Federal MP says housing should be a human right

author-avatar By on March 16, 2021
Federal MP says housing should be a human right

One Federal MP has called on the government to legislate housing as a human right to help alleviate housing inequality and homelessness.

Labor member for Macnamara Josh Burns argued for housing as a human right in a report authored in a Labor-aligned think-tank, the McKell Institute. 

Following the pandemic, Mr Burns said more needs to be done to help the estimated 1.3 million Australians struggling to either:

  • Rent a home or afford their rent
  • Afford their mortgage repayments 
  • Find social housing accommodation
  • Or facing homelessness 

Buying a home or looking to refinance? The table below features home loans with some of the lowest interest rates on the market for owner occupiers.

Base criteria of: a $400,000 loan amount, variable, fixed, principal and interest (P&I) home loans with an LVR (loan-to-value) ratio of at least 80%. If products listed have an LVR <80%, they will be clearly identified in the product name along with the specific LVR. The product and rate must be clearly published on the Product Provider’s web site. Monthly repayments were calculated based on the selected products’ advertised rates, applied to a $400,000 loan with a 30-year loan term.

While some argue a codified right to housing is merely a symbolic gesture, the report says it would force the government to “accept a legal responsibility to address homelessness."

“A legally enforceable human right to housing would help to address the immediate need for crisis accommodation,” the report said. 

Mr Burns meanwhile said too many Australians don't have a place to call home. 

"The truth is that before coronavirus, Australia had a serious shortage in housing – especially affordable and social housing," he said. 

"We know that a house is bigger than its four walls – it gives each Australian a stake in the collective success of our economy.

"This pandemic has exacerbated the struggles of housing affordability for too many Australians. For the Australians who are locked out of home ownership we need to do more."

Mr Burns said that the right to housing "is not radical" as other countries already have such a right, like France and Scotland. 

"The International Covenant on Economic, Social and Cultural Rights, to which Australia is a signatory, recognises the right to adequate housing," he said. 

"And through the accompanying shift in policy perspective, Government could begin the long journey down the path of dismantling the structural inequities which have created this mess.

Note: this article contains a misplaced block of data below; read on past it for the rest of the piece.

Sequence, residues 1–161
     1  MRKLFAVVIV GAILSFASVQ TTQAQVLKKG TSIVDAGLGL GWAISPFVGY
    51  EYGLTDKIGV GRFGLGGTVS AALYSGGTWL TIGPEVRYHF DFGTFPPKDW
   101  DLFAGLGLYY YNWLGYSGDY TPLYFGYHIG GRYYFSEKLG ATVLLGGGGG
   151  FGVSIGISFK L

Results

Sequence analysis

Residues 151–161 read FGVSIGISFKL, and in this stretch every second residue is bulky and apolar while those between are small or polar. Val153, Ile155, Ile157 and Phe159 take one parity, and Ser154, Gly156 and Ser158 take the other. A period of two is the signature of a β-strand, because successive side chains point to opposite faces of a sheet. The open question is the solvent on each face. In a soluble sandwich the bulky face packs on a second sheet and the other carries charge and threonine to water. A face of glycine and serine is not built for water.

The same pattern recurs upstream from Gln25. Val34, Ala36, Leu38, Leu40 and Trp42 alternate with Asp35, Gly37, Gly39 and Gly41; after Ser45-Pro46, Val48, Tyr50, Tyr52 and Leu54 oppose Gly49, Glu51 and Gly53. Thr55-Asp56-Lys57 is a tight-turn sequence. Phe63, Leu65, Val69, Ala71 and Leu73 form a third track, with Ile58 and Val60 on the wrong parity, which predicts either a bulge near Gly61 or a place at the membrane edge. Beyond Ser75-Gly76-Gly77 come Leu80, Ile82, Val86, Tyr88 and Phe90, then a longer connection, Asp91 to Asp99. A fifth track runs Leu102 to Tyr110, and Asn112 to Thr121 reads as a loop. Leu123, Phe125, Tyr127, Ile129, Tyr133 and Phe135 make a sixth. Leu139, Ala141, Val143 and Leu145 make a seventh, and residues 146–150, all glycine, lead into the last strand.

"In doing so, we would see both the community-wide benefit of helping individuals, and the long-term benefit of a healthier and fairer housing market."

This report offers a four step plan to reduce homelessness and inequality in housing:

  • An investment drive in social housing (see below)
  • Increased funding for crisis accommodation, and policies that prevent funding cuts 
  • The legislation of housing as a human right 
  • And a nationally-coordinated plan to limit grounds for eviction and improve tenants’ livability standards

More social housing needed? 

In the report is a call for more social housing spending, which is backed by many economists as not only economically-effective, but as a key way to help housing affordability

A $7 billion investment in social housing could reportedly boost the economy by $18.2 billion over two years, but as The New Daily reports, Housing Minister Michael Sukkar said social housing programs are the domain of the states and territories. 

For example, Victoria ($5.3 billion) and NSW ($813 million) have committed to social housing infrastructure in their state budgets. 

However, the Morrison Government has committed the following to housing inequality in 2020-21:

  • Around $129 million in dedicated homelessness funding  and around $5.5 billion to 1.7 million individuals to help them pay for rent (rent assistance)
  • Increased the National Housing Finance and Investment Corporation (NHFIC) low cost finance cap from $2 billion to $3 billion to support construction of new affordable houses.

Over 850,000 Australians live in social or public housing (Institute of Health and Welfare).

Housing inequality by the numbers 

Inequality is expanding in the housing market, following huge surges in prices and increased demand and applications for home loans and first home buyer approvals